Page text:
The results were staggering :
– 8,500 name suggestions for the new baby elephant.
– 41,000 registrations for updates.
– 850,000 unique visitors on, massive local and international press attention.
– 560,000 people watched the birth online, there were 1.2 million site visits in the birth weekend.
– 5,000 people signed the online birth register,
– 22,000 blog comments in the birth weekend.

And most importantly: the Antwerp Zoo welcomed 300,000 visitors (200,000 paying visitors) more than in 2008.

After 22 months of anticipation, twenty-eight year-old Asian elephant Khaing Phyo Phyo has finally given birth to her fourth child at Antwerp Zoo. Phyo Phyo was born wild in Myanmar, then was captured to live in the Netherlands and the UK before moving to Antwerp. Over the past eleven years she has three previous children – Timber, Sitang, and May Tagu. The father, Alexander, has been responsible for nine other healthy offspring, however this baby is the first product of Phyo Phyo and Alexander together.
An elephant birth is a first for Belgium. The anticipation was so great that many Belgians signed up for SMS alerts of the birth. The progress of the gestation, from ultrasounds to a live video of the birth, was projected onto giant screens. She was born at 8:45 AM on Sunday May 17, weighing 80 kilograms, and was on her feet within 20 minutes. Her four-year-old sister May Tagu was originally jealous, but with the help of aunt Phyo Yu Yu Yin, she now seems to have welcomed the little one into the family.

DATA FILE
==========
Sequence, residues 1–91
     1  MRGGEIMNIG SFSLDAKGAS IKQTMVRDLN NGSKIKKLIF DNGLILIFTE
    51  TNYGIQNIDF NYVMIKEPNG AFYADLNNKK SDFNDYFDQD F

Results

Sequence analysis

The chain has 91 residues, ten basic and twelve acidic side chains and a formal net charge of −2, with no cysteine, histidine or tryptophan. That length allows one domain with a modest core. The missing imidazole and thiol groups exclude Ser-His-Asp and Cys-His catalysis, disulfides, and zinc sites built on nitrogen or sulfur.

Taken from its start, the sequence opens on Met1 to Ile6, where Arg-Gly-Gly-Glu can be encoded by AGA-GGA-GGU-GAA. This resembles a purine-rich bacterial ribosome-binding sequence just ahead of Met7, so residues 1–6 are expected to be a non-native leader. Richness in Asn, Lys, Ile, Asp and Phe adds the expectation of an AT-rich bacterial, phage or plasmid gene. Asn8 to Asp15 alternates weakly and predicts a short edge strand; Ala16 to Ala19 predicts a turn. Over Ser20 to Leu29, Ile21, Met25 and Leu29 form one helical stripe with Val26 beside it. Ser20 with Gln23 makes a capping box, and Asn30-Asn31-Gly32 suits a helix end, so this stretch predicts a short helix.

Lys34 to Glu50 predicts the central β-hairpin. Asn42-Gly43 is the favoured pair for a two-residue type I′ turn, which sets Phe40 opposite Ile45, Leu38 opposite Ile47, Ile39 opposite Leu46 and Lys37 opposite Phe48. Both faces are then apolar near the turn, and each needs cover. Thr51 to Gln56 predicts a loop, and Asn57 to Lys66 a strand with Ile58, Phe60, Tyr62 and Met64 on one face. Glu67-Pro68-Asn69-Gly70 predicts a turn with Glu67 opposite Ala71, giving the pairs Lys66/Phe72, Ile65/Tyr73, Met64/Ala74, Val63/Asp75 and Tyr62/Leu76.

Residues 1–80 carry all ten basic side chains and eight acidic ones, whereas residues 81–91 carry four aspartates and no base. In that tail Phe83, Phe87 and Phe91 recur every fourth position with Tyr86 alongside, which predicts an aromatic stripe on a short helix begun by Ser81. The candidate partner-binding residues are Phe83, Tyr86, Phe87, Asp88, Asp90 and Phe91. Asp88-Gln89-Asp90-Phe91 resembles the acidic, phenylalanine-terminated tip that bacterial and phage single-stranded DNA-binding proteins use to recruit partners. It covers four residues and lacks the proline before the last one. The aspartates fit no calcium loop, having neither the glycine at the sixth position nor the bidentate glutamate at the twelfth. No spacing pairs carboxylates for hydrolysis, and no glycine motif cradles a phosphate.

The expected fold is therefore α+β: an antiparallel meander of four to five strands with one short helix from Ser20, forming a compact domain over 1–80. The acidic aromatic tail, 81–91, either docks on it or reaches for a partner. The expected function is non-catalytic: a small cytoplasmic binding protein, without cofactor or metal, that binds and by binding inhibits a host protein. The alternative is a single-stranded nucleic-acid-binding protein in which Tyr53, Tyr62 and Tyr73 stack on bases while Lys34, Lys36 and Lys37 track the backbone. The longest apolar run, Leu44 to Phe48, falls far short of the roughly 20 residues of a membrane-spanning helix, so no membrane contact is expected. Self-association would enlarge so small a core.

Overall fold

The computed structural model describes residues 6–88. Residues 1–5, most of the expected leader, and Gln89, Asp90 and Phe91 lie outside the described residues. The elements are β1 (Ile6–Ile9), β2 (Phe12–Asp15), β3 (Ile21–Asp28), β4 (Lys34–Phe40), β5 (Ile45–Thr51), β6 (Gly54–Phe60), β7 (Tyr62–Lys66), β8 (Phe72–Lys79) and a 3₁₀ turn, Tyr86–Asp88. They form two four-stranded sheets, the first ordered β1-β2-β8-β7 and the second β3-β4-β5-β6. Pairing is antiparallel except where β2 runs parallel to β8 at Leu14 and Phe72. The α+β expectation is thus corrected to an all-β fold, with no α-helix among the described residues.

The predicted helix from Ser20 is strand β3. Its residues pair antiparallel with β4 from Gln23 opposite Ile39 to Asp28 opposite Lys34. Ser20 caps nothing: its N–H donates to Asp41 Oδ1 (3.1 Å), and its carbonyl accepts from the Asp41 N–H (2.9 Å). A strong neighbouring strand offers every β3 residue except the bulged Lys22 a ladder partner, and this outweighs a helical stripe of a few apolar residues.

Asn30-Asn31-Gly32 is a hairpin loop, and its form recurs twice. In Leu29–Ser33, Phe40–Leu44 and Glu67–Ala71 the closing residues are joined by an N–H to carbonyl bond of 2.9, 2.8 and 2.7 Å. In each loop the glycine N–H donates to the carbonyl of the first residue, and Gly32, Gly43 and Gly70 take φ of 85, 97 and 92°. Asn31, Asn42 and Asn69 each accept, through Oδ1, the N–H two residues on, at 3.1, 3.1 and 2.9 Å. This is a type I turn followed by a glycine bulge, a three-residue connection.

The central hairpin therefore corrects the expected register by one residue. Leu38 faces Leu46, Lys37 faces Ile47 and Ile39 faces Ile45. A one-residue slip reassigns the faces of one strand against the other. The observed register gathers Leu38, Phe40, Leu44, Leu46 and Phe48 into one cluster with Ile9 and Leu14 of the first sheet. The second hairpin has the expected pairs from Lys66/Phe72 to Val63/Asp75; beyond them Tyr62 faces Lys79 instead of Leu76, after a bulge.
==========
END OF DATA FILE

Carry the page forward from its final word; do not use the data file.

A nation-wide competition was held to name the baby, and the result has just been revealed: Kai-Mook (“pearl”). To celebrate this event, the post office will send 4.8 million postcards to the households of Belgium – a world record number of birth announcements. All of Belgium is united in celebration of this delightful event.


To get 200.000 extra visitors to the Antwerp Zoo, we focused on a unique and highly emotional event: the birth of a young elephant. So we built a digital platform, allowing people to follow the story on a day by day basis.
They could do this by reading the baby elephant blog, by seeing regular ultrasounds, by consuming engaging user generated content, by participating in the crowdsourcing of the name of the baby elephant, by registering to receive regular updates about the baby and the mother elephant’s condition. Gradually, KMDA (Antwerp Zoo) and Boondoggle made them ready for the climax: the live broadcast of the birth, something never done before, that wrote digital history.

Advertising Agency: Boondoggle, Leuven
Creative Director: Stef Selfslagh/Vincent Jansen
Creative Team: Tom Loockx/Jorrit Hermans/Peter Vijgen/Bart Gielen
Copywriter: Hans Verhaegen

Happiness Brussels – Comic Sans Destroyer


Advertising agency Happiness Brussels is looking for a graphic designer with the right spirit and good taste.
How could we get a maximum number of applicants amongst the best graphic designers? We targeted the graphic design community through an online action in order to spread the word.
In graphic design communities, the Comic Sans font it is considered to be the ultimate symbol of bad taste.
Therefore, we designed the ‘Comic Sans Destroyer’, a downloadable application that will erase Comic Sans for once and for all from your computer. Only after using the application and cleaning their computer from all forms of Comic Sans, applicants can apply for the position of graphic designer.
‘Comic Sans Destroyer’ is now the ultimate tool to get rid of Comic Sans for once and for all; and at the same time it spreads the message: we only want graphic designers with really good taste.

After one week:
– Featured on the most influential graphic design blogs and websites.
– Over 20.000 unique visits on the website.
– More than 4.000 downloads of the application.
– More than 130 graphic designers from all over the world applied for the job.

Advertising Agency: Happiness, Brussels
Creative Management: Karen Corrigan/Gregory Titeca
Creative Director: Gregory Titeca
Creative: Tom Galle
Creative: Ramin Afshar